Sunday, July 15, 2007

Books about making miniature food

If you're in the market for a book about miniature food-making, here are a few options you might want to check out. (Follow the links for detailed tables of contents and more information.)

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Making Miniature Food and Market Stalls, by Angie Scarr

This book is one of my latest acquisitions. I enjoy looking through it just for the joy of seeing how polymer clay (and a few other odds and ends) can be magically transformed into miniature food. The projects in this book include fruits, vegetables, cheeses, baked goods, meats, and seafood-- followed by a section on making market stalls and miniature crates for displaying the foods.

Incidentally, Ms. Scarr is British, and a few of her food choices demonstrate that, I think. For instance, there are pork pies, crumpets, hot cross buns, black pudding, and kippers-- all of which I, at least, associate with the UK.

One more note-- I was surprised to find that there's quite a bit of caning in this book. These are very interesting techniques that can be adapted to fit a variety of other foods, too.

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Making Doll's House Miniatures with Polymer Clay, by Sue Heaser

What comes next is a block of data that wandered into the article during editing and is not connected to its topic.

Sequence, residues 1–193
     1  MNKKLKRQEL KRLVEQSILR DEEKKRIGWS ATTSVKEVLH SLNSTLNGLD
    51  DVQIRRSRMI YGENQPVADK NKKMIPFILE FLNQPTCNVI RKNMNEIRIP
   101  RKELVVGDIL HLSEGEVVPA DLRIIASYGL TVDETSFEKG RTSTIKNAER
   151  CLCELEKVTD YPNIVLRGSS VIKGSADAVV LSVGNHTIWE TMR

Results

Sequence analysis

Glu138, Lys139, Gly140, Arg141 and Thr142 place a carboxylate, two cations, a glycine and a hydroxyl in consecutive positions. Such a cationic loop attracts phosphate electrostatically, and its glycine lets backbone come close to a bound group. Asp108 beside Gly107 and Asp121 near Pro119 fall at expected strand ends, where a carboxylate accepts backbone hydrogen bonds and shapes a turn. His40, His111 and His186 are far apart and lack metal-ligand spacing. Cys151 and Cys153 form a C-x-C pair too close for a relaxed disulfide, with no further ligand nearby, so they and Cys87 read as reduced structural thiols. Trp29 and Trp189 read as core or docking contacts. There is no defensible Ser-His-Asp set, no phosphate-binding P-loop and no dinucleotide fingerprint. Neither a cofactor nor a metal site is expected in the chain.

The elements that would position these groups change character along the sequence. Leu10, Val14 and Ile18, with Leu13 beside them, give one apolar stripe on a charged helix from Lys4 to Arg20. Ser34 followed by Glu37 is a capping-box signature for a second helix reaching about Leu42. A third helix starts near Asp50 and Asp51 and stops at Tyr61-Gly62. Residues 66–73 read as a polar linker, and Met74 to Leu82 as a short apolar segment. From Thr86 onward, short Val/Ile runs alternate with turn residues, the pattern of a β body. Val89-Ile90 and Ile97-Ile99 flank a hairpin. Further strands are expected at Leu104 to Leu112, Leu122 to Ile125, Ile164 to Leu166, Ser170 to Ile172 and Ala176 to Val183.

As the title implies, this book focuses on doll's house miniatures-- not just food-- but there are plenty of mini food projects in there, including baked goods, vegetables, fruits, desserts, a roast lamb dinner, and more. This is an ideal choice for someone with an interest in miniature-making in general. Have a doll's house to furnish? Then give this one a look!

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The Polymer Clay Techniques Book, by Sue Heaser

Don't buy this book expecting loads of miniature food lessons, but it's a good choice for beginners or anyone who wants an overview of a large number of techniques-- and there are a few helpful tips for making mini foods. If I remember correctly, there's information about using inclusions and artists' pastels to add realism to miniature food.

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